Sad news: a well-known London art fair, the Grosvenor House Art and Antiques Fair, is closing down after 75 years, and the poor economy is bearing part of the blame. Although some optimists see the closure as a chance to develop a new, better fair at a better location, I always hate to see the closure of any venue — particularly a well-established one — that permit the appreciation and acquisition of art by the general public.
Still, it shouldn’t be surprising that art sales have suffered along with the economy. Paintings and sculpture are a classic form of discretionary purchase, and discretionary purchases are the first to be forgone when times turn tough.
The recent story about the Washington Post “salon” where attendees could have an off-the-record meeting with Obama Administration officials and other assorted movers and shakers is pretty amazing. The reaction of the Post‘s publisher, as reported in this Politico entry, suggests that the publisher may not fully understand the issue that has attracted all of the comment. Whenever a newspaper begins to focus on “business practices” and “new and promising lines of business” that do not involve journalism, the journalism is going to be compromised in some sense. If the Post begins doing business with other entities, much less trading on its name to sell access to politicians, its journalistic ethics are going to be viewed by many in the public as compromised. If the Post gets into a for-profit business deal, what are the chances that it is going to publish a devastating expose of its business partner or new business venture?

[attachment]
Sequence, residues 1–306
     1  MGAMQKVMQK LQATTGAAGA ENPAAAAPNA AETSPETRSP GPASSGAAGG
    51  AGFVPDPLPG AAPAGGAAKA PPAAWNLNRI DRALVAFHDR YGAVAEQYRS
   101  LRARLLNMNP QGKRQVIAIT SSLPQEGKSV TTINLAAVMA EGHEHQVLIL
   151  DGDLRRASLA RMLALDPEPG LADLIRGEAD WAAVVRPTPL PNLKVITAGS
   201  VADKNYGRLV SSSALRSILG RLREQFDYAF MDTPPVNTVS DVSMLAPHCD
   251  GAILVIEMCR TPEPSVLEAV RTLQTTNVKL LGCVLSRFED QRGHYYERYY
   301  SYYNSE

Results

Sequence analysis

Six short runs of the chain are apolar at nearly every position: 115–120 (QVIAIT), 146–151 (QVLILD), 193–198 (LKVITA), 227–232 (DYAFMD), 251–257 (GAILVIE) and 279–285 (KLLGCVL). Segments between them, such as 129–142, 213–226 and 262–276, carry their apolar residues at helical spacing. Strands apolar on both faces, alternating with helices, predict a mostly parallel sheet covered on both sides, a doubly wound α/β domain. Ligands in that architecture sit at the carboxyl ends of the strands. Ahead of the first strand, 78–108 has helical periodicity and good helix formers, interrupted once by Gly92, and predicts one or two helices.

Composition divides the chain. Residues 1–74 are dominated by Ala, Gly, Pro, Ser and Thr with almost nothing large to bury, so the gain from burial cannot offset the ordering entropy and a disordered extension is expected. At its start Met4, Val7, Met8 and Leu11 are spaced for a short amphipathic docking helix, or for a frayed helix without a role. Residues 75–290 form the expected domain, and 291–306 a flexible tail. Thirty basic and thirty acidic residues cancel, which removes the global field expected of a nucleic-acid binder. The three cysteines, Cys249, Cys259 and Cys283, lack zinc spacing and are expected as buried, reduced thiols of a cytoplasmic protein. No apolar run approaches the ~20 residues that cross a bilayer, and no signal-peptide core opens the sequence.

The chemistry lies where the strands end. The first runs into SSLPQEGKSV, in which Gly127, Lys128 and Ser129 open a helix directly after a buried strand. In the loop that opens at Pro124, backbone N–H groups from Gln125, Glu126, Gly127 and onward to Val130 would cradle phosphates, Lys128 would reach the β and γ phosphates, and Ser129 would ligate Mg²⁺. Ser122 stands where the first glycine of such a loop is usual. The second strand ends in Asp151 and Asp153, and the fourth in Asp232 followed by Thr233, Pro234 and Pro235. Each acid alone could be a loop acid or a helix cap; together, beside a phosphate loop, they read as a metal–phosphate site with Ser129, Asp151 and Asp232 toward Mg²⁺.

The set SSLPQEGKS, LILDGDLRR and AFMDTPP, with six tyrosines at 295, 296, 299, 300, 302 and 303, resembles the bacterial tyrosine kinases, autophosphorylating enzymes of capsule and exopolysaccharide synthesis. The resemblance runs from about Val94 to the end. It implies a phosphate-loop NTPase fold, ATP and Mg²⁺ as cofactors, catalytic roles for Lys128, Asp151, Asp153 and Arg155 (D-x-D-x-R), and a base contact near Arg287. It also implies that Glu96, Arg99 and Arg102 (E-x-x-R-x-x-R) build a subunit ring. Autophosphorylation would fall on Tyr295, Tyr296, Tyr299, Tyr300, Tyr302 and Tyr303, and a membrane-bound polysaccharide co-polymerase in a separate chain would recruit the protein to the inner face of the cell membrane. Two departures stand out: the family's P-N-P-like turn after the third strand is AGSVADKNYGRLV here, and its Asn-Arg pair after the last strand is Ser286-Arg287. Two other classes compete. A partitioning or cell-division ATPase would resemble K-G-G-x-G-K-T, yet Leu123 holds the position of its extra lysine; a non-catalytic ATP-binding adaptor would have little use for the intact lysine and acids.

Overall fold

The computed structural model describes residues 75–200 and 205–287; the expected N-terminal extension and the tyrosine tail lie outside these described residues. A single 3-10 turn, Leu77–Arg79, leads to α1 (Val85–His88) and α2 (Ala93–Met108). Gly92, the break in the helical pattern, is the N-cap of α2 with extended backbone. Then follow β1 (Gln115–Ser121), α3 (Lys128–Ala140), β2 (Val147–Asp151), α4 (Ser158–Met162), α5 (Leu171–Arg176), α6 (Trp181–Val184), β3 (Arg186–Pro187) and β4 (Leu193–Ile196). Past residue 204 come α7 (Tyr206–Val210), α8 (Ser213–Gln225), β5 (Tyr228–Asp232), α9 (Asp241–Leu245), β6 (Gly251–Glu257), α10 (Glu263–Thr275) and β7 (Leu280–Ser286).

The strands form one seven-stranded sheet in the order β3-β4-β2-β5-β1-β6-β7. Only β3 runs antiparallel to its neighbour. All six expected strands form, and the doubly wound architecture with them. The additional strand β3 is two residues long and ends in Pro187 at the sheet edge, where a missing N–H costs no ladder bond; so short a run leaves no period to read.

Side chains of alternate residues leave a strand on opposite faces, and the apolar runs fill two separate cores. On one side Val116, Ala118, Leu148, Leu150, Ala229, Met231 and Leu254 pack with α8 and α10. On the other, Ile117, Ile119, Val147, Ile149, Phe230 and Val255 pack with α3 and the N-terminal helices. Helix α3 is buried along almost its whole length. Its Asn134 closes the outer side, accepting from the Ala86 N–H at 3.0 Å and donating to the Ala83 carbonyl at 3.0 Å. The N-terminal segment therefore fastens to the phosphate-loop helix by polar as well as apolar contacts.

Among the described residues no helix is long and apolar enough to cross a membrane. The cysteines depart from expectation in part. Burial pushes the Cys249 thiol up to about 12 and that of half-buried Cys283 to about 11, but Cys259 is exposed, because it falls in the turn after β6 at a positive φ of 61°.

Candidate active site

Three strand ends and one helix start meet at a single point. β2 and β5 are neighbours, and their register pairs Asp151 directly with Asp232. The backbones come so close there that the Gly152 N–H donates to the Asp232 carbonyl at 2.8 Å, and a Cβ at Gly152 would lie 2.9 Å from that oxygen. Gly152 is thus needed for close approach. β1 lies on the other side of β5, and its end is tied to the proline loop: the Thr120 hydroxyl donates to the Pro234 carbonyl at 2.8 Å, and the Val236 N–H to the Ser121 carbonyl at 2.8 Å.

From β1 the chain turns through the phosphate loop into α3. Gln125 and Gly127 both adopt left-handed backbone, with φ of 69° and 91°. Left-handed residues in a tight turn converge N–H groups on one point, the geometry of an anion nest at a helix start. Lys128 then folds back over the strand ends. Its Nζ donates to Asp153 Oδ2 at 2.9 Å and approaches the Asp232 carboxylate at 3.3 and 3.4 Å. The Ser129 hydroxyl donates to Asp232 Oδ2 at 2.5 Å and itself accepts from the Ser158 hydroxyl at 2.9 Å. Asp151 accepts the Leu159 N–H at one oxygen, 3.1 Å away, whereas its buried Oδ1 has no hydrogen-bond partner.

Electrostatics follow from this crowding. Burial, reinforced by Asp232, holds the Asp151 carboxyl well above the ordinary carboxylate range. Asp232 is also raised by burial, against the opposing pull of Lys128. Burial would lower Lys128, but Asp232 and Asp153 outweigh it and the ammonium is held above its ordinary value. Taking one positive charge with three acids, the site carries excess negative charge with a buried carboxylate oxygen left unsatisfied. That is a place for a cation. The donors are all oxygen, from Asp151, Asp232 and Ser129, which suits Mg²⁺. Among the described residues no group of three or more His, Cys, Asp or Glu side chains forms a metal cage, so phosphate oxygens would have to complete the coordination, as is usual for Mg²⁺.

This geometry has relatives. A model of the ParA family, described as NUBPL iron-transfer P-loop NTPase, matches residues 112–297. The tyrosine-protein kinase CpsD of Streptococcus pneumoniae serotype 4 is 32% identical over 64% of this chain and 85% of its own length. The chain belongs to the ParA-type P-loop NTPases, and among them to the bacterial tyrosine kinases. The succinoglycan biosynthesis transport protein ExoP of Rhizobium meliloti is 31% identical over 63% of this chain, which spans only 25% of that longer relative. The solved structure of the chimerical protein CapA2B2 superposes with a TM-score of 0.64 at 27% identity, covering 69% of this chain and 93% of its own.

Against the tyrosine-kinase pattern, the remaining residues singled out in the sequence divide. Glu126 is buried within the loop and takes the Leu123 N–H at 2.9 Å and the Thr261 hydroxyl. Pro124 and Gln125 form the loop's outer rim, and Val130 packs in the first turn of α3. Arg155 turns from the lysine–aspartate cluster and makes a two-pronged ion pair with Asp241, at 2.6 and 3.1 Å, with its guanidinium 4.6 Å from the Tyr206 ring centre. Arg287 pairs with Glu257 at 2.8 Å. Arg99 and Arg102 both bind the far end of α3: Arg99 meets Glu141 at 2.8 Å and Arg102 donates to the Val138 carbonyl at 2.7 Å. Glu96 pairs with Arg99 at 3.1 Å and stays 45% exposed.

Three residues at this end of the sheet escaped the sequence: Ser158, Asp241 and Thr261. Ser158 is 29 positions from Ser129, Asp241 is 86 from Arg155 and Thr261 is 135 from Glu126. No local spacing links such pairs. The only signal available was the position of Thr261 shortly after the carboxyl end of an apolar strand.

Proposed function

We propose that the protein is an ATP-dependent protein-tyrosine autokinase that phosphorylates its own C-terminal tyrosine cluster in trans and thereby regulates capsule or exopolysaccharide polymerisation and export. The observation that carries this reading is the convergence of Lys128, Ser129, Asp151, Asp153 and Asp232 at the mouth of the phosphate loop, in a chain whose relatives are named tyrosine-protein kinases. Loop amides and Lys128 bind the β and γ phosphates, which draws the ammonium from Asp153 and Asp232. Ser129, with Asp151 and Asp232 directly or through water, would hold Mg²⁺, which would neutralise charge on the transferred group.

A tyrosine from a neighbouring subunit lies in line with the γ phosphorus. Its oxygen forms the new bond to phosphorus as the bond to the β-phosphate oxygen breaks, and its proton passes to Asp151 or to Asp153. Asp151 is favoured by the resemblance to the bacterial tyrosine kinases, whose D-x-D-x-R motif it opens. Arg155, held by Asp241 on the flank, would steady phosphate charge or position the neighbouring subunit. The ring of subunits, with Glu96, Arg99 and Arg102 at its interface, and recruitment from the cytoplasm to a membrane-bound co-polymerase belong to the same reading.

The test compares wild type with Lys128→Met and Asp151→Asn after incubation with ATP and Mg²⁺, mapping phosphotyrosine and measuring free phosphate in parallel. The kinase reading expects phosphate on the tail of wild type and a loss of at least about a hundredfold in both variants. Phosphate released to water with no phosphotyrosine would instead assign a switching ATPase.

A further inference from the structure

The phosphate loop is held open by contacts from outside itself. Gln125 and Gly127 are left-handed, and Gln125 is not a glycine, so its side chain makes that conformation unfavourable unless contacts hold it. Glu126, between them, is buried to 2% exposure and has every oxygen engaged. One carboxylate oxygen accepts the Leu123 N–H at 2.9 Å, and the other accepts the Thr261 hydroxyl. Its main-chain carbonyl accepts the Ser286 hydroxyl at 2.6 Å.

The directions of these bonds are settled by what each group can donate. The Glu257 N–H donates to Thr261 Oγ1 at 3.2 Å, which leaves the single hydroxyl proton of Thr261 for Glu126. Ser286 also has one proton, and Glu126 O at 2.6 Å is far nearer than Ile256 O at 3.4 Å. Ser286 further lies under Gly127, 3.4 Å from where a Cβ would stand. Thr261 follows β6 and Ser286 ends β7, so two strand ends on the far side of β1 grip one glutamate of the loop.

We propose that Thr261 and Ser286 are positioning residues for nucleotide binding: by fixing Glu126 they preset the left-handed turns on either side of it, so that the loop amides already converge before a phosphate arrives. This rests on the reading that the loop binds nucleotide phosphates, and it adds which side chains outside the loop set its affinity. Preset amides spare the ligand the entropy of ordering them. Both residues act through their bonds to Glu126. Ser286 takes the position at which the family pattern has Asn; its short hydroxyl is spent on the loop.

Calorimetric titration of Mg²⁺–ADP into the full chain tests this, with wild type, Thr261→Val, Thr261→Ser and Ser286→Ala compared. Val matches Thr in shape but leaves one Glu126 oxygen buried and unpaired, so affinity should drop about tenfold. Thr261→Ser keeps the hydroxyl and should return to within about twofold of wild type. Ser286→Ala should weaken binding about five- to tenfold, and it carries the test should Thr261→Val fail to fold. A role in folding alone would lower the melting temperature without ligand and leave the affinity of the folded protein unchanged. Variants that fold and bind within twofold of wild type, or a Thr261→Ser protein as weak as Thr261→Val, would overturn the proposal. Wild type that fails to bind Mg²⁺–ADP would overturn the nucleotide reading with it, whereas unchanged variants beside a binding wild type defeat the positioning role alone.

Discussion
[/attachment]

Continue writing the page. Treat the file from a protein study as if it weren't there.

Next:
The Post should follow my old journalism professor’s rule, and just not take what can’t be consumed in one sitting. Long-term business deals, and $25,000 admission “salons,” would not pass muster under that rule.
This article reports on the fascinating recent discovery of a dinosaur fossil with preserved soft tissue sufficient to demonstrate the structure of dinosaur skin. The finding gives experts a bit more information about how dinosaurs really looked. This kind of story reflects the wonderful inquisitiveness of scientists. We obviously don’t need to know exactly how dinosaurs looked, but it sure would be interesting to discover more data about that topic.
I confess to being a bit sorry that, as the article indicates, the skin structure evidence cuts against the recent theory that dinosaurs had feathers. My mental image of feathered dinosaurs had been the “Tyrannasaurus Rex chasing the jeep” scene from Jurassic Park — except that that terrifying T Rex was festooned with brightly colored feathers, like some ancient Aztec chieftain.